The housing, which holds the screw, is fastened on the band. When the screw is turned, the threads of the screw mate with the slots of the band. This pulls or pushes the band to close or open.
Gear clamps can fasten pipe, secure hoses, and be used wherever a strong band is needed. This is done by tightening, or clamping, one item over the other.
The applications are not limited to certain industries although there are industries that use them often.
As I had said before, there are industries that use them more. Plumbers use them to fasten rubber couplings to pipe and for clamping plastic piping, like poly pipe, over barbed fittings.
As well as fastening, the compression caused by the clamp also creates a true seal in those applications.
In the automotive industry, the clamps are used to secure any type of hose or line. Rubber couplings are also used in this industry.
Clamps are also used in the water well industry by well installers for the use of torque arrestors.
They are also used to hold dry vents and air duct work for HVAC.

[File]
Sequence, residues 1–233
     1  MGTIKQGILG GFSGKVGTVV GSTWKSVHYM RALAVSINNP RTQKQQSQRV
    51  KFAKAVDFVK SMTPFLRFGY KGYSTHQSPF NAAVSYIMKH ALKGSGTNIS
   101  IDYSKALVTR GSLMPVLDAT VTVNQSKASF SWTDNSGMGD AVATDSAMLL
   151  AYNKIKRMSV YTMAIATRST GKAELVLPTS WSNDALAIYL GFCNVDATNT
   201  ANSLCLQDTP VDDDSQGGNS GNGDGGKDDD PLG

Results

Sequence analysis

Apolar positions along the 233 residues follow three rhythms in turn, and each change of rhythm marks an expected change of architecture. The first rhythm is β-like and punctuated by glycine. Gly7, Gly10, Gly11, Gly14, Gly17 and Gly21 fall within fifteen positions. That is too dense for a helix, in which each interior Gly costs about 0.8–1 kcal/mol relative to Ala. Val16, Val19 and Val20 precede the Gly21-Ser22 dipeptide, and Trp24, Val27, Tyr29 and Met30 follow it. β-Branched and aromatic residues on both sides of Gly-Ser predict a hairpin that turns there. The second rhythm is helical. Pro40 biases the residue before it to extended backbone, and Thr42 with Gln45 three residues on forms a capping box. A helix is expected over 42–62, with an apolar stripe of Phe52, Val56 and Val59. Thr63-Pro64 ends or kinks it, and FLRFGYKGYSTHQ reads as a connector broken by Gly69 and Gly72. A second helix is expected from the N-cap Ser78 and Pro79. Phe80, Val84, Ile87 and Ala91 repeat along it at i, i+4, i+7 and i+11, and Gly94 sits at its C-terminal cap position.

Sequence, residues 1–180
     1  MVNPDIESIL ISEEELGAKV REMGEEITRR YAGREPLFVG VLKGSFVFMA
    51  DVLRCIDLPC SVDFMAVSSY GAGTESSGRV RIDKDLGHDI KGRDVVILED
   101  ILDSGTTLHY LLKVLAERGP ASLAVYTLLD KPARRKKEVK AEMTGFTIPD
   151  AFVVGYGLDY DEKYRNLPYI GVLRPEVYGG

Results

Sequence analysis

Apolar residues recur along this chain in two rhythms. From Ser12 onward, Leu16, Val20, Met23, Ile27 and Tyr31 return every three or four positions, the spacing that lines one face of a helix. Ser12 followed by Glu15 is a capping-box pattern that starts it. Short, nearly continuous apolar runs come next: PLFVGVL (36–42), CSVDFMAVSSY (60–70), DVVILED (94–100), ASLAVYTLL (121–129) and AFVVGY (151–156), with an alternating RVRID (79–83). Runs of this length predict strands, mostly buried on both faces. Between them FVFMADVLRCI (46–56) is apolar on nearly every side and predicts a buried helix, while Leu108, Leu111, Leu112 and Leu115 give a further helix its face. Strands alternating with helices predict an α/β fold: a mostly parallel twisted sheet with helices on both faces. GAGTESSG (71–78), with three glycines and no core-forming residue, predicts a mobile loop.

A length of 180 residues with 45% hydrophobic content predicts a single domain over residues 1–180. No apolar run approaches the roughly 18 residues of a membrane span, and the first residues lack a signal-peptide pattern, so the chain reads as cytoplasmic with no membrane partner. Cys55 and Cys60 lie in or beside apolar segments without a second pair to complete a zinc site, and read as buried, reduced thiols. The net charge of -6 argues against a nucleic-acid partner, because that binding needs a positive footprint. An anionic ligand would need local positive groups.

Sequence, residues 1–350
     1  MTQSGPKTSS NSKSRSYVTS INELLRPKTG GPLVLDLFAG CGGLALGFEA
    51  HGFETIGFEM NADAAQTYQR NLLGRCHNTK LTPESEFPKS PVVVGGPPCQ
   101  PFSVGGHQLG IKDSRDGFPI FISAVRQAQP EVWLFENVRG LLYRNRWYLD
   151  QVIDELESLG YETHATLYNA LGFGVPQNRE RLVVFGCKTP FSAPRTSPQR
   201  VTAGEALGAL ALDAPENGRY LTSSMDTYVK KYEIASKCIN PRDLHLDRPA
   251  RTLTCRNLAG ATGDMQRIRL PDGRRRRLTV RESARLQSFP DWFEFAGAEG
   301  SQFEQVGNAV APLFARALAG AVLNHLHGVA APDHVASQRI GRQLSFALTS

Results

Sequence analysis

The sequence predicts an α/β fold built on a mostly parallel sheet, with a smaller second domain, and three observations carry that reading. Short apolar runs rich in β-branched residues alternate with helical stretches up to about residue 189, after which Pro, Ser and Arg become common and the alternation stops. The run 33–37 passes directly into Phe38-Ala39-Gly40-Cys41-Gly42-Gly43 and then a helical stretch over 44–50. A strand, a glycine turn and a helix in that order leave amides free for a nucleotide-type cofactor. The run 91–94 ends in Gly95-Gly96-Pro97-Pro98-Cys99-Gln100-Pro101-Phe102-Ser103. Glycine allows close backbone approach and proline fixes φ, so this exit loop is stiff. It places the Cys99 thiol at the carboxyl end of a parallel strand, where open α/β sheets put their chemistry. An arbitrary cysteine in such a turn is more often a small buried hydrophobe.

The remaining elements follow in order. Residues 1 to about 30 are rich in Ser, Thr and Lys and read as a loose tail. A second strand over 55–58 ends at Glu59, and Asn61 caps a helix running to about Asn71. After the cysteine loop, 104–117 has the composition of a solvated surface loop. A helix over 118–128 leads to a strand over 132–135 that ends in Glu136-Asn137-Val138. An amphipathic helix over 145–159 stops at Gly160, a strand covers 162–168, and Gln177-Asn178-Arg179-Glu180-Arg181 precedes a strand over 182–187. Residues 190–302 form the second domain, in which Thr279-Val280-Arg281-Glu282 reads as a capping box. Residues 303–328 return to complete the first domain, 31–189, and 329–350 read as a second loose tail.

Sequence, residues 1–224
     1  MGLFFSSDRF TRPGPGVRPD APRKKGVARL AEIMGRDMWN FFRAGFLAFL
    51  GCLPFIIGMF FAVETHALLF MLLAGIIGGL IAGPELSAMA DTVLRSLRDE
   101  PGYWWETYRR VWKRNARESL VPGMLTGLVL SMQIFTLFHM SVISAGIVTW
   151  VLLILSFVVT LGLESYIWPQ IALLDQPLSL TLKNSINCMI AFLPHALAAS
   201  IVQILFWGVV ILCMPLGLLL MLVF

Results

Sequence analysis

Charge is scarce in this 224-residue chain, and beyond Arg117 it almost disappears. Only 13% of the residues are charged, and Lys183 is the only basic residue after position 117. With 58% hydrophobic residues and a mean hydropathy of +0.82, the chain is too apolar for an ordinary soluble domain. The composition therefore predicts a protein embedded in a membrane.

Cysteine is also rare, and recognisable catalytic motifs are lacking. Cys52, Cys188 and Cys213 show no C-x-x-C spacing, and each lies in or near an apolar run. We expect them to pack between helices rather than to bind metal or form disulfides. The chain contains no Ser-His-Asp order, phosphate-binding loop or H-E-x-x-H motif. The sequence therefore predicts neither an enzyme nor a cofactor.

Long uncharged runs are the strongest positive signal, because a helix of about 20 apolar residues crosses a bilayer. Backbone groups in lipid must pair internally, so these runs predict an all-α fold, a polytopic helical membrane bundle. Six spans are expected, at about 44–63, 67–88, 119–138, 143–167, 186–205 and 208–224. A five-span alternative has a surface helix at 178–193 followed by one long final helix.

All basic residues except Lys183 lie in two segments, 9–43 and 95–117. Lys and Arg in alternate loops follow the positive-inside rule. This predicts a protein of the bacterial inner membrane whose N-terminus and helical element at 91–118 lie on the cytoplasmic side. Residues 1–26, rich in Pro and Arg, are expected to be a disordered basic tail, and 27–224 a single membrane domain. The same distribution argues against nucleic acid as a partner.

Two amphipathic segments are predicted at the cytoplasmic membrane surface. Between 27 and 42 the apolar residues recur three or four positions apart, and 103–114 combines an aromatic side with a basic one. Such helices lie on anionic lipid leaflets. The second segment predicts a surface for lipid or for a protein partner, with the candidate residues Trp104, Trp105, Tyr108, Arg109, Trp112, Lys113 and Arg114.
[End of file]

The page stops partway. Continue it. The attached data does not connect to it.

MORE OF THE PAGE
I will now go over Boshart’s clamps and the features that they offer.
We carry two lines of clamps. One are the SSC line from Breeze that are a United States manufactured clamp. Some applications require that the clamps are from the United States and we can offer clamps to appease that requirement.
The second line are our 2-SSC line. These are the Boshart clamps and they can be used from standard applications to the toughest worm gear clamp applications.
Torque testing is important because it shows how much force can be applied to the band by tightening the screw before it strips or breaks.